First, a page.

Yes, it is worth investing in Index Funds for investors who are seeking moderate returns without being exposed to a very high level of volatility. Index funds are suitable for investors wish to invest in a stock market index but do not possess the time or knowledge to manage the changing index and its weights for their investment. The index fund replicates an index and thereby replaces an investor’s efforts of continuously monitoring and revisiting portfolio.

How do you get money from index funds?

You get money from index funds in form of returns through passive investment. The fund replicates and tracks a particular stock index or benchmark comprising of large cap companies across different industries. In a way you earn returns similar to the movement of the stock index on the stock market. This is how you earn money from index funds. The low risk comes from the portfolio diversification of the selected benchmark.

How do you create an index fund?

Index funds are already created by the fund managers and investors need only to select their most appropriate one. Index funds are created by replicating the stock market index. It replicates the types of companies, their composition, proportion, weightage. Hence, the stock holding or asset allocation of an index fund is actually a proxy of the stock market index.
The fund managers work on maintaining the composition of the stock market index for a well-diversified investment portfolio to secure returns to the fund investors.

How do I choose an index fund?

While choosing an index fun you need to consider a few factors. To begin with first of all make sure that index funds suit your investment goals. Index funds are suitable for investors investors who are looking to invest for the long term, ideally for retirement. These funds are also an ideal option for investors who prefer earning foreseeable returns. It is a perfect option for risk-averse investors looking for some equity exposure. The next step is to select the stock market index in which you wish to invest. Now, to select the index fund that benchmarks to the stock market index chosen by you. Further, you must consider the fund manager’s track record, historical returns, consistency of returns, relative size i.e., AUM, etc.

How long should you hold index funds?

Index Funds are more suitable for long term investments that might be extended for 10 years or longer. This was you can aim for capital appreciation in the long term and avoid volatility in the short term.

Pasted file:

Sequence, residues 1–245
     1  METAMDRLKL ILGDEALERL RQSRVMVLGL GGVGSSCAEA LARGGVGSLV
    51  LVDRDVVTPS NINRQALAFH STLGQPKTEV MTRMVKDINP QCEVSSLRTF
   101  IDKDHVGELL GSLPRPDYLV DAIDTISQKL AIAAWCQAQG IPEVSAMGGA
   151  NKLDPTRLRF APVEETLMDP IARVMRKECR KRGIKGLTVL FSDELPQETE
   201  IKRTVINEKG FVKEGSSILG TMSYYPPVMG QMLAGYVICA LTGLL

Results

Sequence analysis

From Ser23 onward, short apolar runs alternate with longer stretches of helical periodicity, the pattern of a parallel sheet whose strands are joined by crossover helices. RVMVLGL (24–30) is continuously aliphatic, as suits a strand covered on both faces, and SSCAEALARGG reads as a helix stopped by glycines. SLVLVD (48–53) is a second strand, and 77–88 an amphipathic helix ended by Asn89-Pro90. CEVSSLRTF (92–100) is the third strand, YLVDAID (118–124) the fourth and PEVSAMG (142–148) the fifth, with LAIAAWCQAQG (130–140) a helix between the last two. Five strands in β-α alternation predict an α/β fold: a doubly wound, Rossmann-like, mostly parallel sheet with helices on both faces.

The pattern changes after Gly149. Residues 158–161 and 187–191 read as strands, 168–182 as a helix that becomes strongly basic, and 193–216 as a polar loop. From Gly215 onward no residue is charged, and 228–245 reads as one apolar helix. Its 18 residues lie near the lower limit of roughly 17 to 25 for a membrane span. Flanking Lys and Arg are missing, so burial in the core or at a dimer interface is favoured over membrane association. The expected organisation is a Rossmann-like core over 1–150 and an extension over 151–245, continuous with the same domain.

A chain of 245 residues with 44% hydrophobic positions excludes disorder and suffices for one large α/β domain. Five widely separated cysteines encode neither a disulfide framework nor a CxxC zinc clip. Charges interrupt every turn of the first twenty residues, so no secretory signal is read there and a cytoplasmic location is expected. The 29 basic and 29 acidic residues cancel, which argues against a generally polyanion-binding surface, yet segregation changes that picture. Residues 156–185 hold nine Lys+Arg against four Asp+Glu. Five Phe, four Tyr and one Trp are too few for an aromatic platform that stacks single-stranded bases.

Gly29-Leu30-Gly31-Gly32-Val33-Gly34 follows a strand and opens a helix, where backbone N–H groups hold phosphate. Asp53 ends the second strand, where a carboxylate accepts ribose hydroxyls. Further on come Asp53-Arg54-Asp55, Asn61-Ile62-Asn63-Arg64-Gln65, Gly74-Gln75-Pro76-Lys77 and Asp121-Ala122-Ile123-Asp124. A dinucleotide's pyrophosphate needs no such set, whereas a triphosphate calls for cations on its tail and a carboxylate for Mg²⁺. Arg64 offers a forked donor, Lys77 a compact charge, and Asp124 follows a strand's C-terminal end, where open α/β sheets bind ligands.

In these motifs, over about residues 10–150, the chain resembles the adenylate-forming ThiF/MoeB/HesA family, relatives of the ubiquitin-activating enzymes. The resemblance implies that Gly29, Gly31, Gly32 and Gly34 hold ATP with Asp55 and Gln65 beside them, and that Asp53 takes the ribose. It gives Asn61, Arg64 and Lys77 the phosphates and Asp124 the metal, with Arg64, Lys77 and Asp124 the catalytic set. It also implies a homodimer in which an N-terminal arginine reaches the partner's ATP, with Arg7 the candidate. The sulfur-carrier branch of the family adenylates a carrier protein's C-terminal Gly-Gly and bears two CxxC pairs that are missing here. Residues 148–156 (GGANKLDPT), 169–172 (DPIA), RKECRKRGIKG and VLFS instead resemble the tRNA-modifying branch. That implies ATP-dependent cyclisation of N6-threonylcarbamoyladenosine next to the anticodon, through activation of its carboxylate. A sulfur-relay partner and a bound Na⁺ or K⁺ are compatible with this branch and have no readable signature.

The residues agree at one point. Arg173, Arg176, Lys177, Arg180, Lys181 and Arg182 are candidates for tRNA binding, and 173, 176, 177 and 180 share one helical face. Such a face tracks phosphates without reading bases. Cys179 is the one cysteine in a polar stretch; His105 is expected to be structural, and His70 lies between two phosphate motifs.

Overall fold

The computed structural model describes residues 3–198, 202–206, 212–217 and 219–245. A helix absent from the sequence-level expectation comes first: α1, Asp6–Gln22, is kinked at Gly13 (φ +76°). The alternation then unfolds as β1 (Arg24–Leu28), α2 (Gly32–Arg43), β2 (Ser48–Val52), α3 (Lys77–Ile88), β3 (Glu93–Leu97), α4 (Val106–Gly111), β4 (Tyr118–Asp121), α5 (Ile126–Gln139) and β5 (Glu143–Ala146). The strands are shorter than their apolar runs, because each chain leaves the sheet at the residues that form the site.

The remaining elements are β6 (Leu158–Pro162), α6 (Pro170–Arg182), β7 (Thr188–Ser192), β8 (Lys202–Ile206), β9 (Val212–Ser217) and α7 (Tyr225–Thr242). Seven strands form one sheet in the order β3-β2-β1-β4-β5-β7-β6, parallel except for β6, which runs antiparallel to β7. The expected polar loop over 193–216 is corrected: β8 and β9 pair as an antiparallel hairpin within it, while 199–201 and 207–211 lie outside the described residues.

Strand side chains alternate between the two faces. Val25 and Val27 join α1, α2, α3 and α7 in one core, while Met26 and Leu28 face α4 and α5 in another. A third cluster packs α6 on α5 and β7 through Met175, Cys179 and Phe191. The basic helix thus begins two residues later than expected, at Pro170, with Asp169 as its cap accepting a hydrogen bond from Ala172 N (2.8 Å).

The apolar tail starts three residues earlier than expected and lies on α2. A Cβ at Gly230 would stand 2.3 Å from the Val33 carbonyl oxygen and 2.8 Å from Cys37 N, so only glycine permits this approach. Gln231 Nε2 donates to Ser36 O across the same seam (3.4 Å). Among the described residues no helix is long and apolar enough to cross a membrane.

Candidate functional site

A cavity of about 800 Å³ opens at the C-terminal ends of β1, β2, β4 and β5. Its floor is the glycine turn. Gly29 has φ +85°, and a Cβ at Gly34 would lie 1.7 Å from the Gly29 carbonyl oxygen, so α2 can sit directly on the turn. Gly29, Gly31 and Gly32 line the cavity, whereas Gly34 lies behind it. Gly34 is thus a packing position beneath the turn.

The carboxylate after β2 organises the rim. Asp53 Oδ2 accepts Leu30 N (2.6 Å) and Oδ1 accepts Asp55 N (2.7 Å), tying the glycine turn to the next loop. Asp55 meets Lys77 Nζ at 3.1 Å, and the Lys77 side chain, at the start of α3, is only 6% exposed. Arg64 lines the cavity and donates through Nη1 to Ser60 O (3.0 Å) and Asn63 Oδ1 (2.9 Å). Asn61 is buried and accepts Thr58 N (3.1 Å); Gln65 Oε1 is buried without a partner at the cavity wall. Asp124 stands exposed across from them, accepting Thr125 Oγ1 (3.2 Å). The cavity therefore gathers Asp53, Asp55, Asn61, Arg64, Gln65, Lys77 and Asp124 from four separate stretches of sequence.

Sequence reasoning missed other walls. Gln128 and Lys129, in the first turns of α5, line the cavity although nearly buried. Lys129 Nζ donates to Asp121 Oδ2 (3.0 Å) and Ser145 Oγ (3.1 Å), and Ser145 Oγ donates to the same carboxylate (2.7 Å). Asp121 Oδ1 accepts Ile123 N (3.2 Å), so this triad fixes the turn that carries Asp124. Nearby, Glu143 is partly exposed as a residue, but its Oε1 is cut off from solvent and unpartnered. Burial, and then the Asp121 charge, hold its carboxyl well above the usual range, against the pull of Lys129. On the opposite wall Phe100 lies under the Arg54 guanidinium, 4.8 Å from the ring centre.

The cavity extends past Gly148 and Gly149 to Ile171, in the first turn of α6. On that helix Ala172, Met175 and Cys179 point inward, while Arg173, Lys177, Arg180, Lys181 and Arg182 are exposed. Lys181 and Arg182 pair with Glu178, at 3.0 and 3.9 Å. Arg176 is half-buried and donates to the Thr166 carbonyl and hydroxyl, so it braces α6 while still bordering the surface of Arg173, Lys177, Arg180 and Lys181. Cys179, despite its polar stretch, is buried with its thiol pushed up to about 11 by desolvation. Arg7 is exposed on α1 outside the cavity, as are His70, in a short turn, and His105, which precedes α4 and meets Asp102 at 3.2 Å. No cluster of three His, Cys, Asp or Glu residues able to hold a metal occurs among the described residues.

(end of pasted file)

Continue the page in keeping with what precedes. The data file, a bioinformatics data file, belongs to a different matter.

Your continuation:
Do index funds pay a dividend?

Most index funds do not pay dividends. The ones that pay haven’t been consistent with their payouts.

Should I buy the index funds when the market is down?

For most investors, if your investment horizon is long-term, you can invest at any time. However, there is no set methodology to follow for making the investment. It is dependent on the current market scenarios. Also, the SIP route is the ideal way to invest in mutual funds. Setting up an SIP will help you invest regularly, and as a result, you do not have to worry about timing the market. You will be investing consistently, irrespective of the market movements.

What is the average rate of return on index funds?

Index funds can provide a better return over a long-term horizon as compared to the short term. The average rate of return on index funds is generally around 7-10%.

Are the lowest expense ratio index funds the best?

Yes, index funds with low expense ratios and tracking errors have the potential to generate returns close to that of the underlying benchmark index. However, you must also consider the historical performance of the fund (consistency in the returns), the fund manager’s track record, the fund’s AUM etc.

What is an SIP index fund?

SIP in an index fund refer to investing a specified amount regularly (at pre-determined intervals) in the fund. You can set your SIP frequency as daily, weekly or monthly.

Should a beginner invest in index funds?

Yes, index funds are a great investment option for beginners. If you do not understand the nuisances of the stock market and don’t have the time and knowledge to track your investments, index mutual funds are the best way to start your investment journey. 
Since index funds replicate the portfolio of a benchmark, they have a well-diversified portfolio. And since they are managed by fund managers, you need not worry about tracking the stock performance and rebalancing the portfolio.

How to add index funds to your portfolio?

Depending on your investment goal, pick an index (benchmark) that you wish to invest in. Next, pick a fund that closely tracks the underlying benchmark. Let’s say you have a 5-year investment horizon and you wish to invest in large-cap stocks. You can pick an index fund that tracks Nifty 50 or Sensex. 
You must shortlist a suitable fund based on low expense ratio and tracking error, consistent performance (historical returns), fund manager’s track record, fund’s AUM, etc. Based on these factors, choose a fund and invest either through SIP or the lumpsum route (as per your requirement).

Index fund vs mutual fund – which is better?

Index funds are a type of mutual fund that represents a distinct approach to investing. While both involve pooling money from various investors to create a diversified portfolio, the key difference lies in their management strategies. Index funds passively track a specific market index, aiming to replicate its performance with minimal fees. 

In contrast, mutual funds employ active management, with fund managers making strategic decisions to outperform the market. Index funds generally offer lower costs and are suitable for long-term, suitable for investors seeking market returns. Mutual funds, with potentially higher costs, are favored by those seeking actively managed portfolios and potential outperformance.